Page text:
3) In addition, 47 U.S.C. § 223 limits transmission on phone lines (“telecommunications”) of obscene material “with intent to abuse, threaten, or harass another person.” 47 U.S.C. § 223(1)(A)(ii). It also prohibits transmission of obscene material “knowing that the recip ient of the communication is under 18 years of age.” 47 U.S.C. § 223(1)(B)(ii). These statutes have never been successfully challenged on constitutional grounds, but their narrow focus probably make them inapt for internet prosecutions.
4) 18 U.S.C § 1464.
5) See, e.g., Tallman v. United States, 465 F.2d 282, 285 (7th Cir. 1972).
6) The provision prohibits transmission of “any obscene, indecent, or profane language by means of radio communication.” 47 U.S.C. § 1464.
7) F.C.C. v. Pacifica Foundation, 438 U.S. 726, 748 (1978).
8) The term “interactive computer service” means any information service, system, or access software provider that provides or enables computer access by multiple users to a computer server, including specifically a service or system that provides access to the internet and such systems operated or services offered by libraries or educational institutions.
9) 18. U.S.C. § 1462
10) See U.S. v. McCoy, 937 F.Supp.2d 1374 (2013).
11) United States v. Dodds, 347 F.3d 893, 895 (11th Cir. 2003)
12) See Backpage.com, LLC v. McKenna, 881 F. Supp. 2d 1262, 1273 (W.D. Wash. 2012).
13) United States v. Hersh, 297 F.3d 1233, 1254 n. 31 (11th Cir. 2002).
14) 18. U.S.C. § 1465
15) United States v. Dodds, 347 F.3d 893, 900 (11th Cir. 2003); U.S. v. Thomas, 74 F.3d 701 (6th Cir. 1996); U.S. v. Stagliano, 693 F.Supp.2d 25 (D.D.C. 2010).
16) Jennifer M. Kinsley, The Myth of Obsolete Obscenity, 33 Cardozo Arts & Ent. L.J. 607, 609 (2015)
17) See U.S. v. Kilbride, 584 F.3d 1240 (9th Cir. 2009).
18) See U.S. v. Little, 365 F’Appx 159, 164 (11th Cir. 2010) (using the community standard and “declin[ing] to follow the reasoning of Kilbride”); U.S. v. Extreme Associates, Inc., 431 F.3d 150, 161 (3rd Cir. 2005) (noting that the Supreme Court “has not suggested that obscenity law does not apply to the internet or even that a new analytical path is necessary in internet cases”); U.S. v. Kirkpatrick, 662 F’Appx 237 (5th Cir. 2016).
19) Pope v. Illinois, 481 U.S. 497, 500 (1987).
20) See Marc Mezibov, The Mapplethorpe Obscenity Trial, 18 Litig. 12 (1991).
21) See Reno v. ACLU, 521 U.S. 844, 878 (1997) (language like “indecent” is too vague and sweeps in content that is pornographic as well as non-pornographic).
22) ACLU v. Ashcroft, 322 F.3d 240, 268 (3rd Cir. 2003).
23) See id. at 877 (the Act was “not limited to commercial speech or commercial entities” as “[i]ts open-ended prohibitions embrace all nonprofit entities and individuals posting indecent messages”).
24) Reno, 521 U.S. at 879.
25) ACLU v. Gonzales, 478 F.Supp.2d 775, 789 (E.D. Penn. 2007).
26) See Todd Lochner & Dorie Apollonio, Karma Police: Prosecutorial Strategies in Obscenity Cases and the Broader Culture War, Syracuse Journal of Law and Civil Engagement 10 (2014).
27) See Fort Wayne Book, Inc. v. Indiana, 489 U.S. 46 (1989) (upholding the use of obscenity as a predicate offense under a state RICO statute).
28) See Zippo Mfg. Co. v. Zippo Dot Com, Inc., 952 F. Supp. 1119, 1122–23 (W.D. Pa. 1997).
29) U.S. Const. Article, Section 8, Clause 8.
30) Mitchell Brothers Film Group v. Cinema Adult Theater, 604 F.2d 852, 854–55, 858 (5th Cir.1979).
31) See e.g., Jartech, Inc. v. Clancy, 666 F.2d 403, 406 (9th Cir.1982) (stating, in the context of copyright infringement of a por nographic film, that “[p]ragmatism further compels a rejection of an obscenity defense” because “obscenity is a community standard which may vary to the extent that controls thereof may be dropped by a state altogether”)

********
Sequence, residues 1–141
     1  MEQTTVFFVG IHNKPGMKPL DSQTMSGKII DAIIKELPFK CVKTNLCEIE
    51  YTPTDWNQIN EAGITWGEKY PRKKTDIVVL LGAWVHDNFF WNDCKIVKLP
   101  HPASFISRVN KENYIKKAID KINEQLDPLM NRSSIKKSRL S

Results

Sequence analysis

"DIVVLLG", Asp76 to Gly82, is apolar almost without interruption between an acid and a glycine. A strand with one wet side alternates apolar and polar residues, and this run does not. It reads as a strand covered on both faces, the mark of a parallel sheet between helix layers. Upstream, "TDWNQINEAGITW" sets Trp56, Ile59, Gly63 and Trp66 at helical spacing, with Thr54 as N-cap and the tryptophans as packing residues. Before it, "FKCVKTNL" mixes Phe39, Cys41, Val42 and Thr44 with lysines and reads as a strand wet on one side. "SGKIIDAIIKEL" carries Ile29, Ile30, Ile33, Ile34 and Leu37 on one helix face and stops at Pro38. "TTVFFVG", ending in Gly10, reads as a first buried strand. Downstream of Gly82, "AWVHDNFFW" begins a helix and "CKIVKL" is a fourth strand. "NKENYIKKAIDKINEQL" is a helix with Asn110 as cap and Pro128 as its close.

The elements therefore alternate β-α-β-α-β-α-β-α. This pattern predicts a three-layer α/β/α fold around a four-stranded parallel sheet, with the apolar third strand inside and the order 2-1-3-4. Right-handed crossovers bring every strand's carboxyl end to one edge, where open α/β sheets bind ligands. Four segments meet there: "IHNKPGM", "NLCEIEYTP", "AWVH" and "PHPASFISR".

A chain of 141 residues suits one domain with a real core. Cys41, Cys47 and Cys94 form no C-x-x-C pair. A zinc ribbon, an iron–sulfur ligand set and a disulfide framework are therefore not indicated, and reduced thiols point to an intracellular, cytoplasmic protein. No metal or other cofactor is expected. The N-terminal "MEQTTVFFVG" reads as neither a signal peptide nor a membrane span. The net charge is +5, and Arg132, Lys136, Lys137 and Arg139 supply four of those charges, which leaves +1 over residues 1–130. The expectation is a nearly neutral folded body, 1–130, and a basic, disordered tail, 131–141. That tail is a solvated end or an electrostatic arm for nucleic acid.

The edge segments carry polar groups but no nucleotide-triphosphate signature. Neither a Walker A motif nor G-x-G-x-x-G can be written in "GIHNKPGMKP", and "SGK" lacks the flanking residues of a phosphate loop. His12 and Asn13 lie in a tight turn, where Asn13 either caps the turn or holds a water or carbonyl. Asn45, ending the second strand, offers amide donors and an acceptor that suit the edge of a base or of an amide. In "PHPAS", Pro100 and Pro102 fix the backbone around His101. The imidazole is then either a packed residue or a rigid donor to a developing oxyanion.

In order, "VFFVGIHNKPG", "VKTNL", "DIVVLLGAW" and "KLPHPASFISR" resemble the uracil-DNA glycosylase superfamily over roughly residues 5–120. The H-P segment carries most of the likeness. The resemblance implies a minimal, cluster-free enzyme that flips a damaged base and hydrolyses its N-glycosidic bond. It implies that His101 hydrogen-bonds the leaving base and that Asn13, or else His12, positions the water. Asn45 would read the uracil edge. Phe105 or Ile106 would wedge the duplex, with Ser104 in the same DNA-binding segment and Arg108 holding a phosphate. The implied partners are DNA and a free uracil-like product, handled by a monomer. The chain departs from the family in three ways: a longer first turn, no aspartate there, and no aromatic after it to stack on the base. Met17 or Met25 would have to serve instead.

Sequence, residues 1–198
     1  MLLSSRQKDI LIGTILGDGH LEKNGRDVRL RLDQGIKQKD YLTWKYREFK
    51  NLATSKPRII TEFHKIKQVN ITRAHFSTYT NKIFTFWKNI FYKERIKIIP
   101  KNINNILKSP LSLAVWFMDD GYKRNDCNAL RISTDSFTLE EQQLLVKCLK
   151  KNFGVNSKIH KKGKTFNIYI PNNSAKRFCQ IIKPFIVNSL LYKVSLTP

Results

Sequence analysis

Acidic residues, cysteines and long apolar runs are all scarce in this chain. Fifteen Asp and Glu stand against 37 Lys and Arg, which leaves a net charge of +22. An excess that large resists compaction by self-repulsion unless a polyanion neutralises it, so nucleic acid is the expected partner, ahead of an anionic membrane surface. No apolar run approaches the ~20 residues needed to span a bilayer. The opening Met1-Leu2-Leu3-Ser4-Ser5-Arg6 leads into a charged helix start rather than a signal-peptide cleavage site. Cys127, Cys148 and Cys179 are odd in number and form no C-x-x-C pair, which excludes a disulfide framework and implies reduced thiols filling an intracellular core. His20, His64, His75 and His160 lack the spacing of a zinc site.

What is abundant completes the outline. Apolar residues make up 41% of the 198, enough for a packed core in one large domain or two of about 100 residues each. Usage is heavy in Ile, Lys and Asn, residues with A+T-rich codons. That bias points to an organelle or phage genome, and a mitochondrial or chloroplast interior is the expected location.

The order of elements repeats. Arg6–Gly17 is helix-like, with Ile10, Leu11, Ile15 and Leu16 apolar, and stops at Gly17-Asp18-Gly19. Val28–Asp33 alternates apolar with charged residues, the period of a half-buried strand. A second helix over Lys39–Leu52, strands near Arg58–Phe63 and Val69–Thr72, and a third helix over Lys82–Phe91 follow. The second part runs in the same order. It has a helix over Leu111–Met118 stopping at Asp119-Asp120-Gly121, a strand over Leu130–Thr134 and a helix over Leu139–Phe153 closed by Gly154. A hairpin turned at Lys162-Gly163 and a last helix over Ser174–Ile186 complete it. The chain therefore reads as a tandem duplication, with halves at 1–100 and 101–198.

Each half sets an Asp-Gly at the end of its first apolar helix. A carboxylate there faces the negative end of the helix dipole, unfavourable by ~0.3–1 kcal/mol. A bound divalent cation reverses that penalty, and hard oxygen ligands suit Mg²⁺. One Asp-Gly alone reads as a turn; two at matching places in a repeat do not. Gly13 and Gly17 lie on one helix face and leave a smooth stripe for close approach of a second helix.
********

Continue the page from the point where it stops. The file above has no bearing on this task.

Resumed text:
32) See Strike 3 Holdings, LLC v. Doe, 351 F. Supp. 3d 160, 165 n.5 (D.D.C. 2018) (“The Court notes it is unsettled in many circuits– including this one–whether pornography is in fact entitled to protection against copyright infringement.”), rev’d 964 F.3d 1203 (D.C. Cir. 2020); Next Phase Distrib., Inc. v. Does 1-27, 284 F.R.D. 165, 171 (S.D.N.Y. 2012) (“[I]f the Motion Picture is considered obscene, it may not be eligible for copyright protection …. [S]ince the Mitchell Bros. decision, judges across the country and within this district
have reached different conclusions on this issue.”) Liberty Media Holdings, LLC v. Swarm Sharing Hash File, 821 F. Supp. 2d 444, 447n.2 (D. Mass. 2011) (“Notably, it is a matter of first impression in the First Circuit, and indeed is unsettled in many circuits, whether pornography is in fact entitled to protection against copyright infringement.”); Devils Films, Inc. v. Nectar Video,
29) F.Supp.2d 174, 175–77 (S.D.N.Y.1998) (refusing to exercise its equitable powers to issue a preliminary injunction against infringement of pornographic films and “commit the resources of the United States Marshal’s Service to support the operation of plaintiff’s pornography business,” holding that the films were “obscene” and illegally distributed through interstate commerce).
33) See Department of Justice, Section 230 — Nurturing Innovation or Fostering Unaccountability? Key Takeaways and Recommen dations, (June 2020), available at: https://tinyurl.com/3u2rz7ku.
34) Matal v. Tam, 137 S. Ct. 1744, 1753 (2017) (holding unconstitutional a provision of the Lanham Act that “prohibits the regis tration of a trademark “which may disparage … persons, living or dead, institutions, beliefs, or national symbols, or bring them into contempt, or disrepute.”).
35) Gabiola v. Sarid, No. 16-cv-02076, 2017 WL 4264000, at *2 (N.D. Ill. Sept. 26, 2017).
37) Id. at *6
38) Fraley v. Facebook, Inc., 830 F. Supp. 2d 785, 798–800 (N.D. Cal. 2011).
39) Adam Candeub, Nakedness and Publicity, 104 Iowa L. Rev. 1747, 1752 (2019)
40) 521 U.S. 844 (1997).
41) Reno, 521 U.S. at 869.
42) Pub. L. No. 105–277, 112 Stat. 2681–736 (1998) (codified at 47 U.S.C. § 231 (2000)).
43) 542 U.S. 656, 668 (2004).
44) COPA used a definition of “harmful to children” that seemed quite similar to the Miller obscenity and the FCC’s indecency defi nitions: “any communication, picture, image, graphic image file, article, recording, writing, or other matter of any kind that is obscene or that—
(A) the average person, applying contemporary community standards, would find, taking the material as a whole and with respect to minors, is designed to appeal to, or is designed to pander to, the prurient interest;
(B) depicts, describes, or represents, in a manner patently offensive with respect to minors, an actual or simulated sexual act or sexual contact, an actual or simulated normal or perverted sexual act, or a lewd exhibition of the genitals or post-pubescent female breast; and (C) taken as a whole, lacks serious literary, artistic, political, or scientific value for minors.” § 231(e)(6); see Ashcroft v. Am. C.L. Union, 542 U.S. 656, 661–62 (2004).
45) Shielding Children’s Retinas from Egregious Exposure on the Net Act (SCREEN Act), S._, 117th Congress, 2022, accessed at: https://tinyurl.com/3vde84yd.
46) Louisiana 2022 Regular Session: Act No. 440, House Bill No. 142, Accessed at: https://tinyurl.com/mu2vh98v.
47) Interstate Obscenity Definition Act, S._, 117th Congress, 2022, accessed at: https://tinyurl.com/54cduz96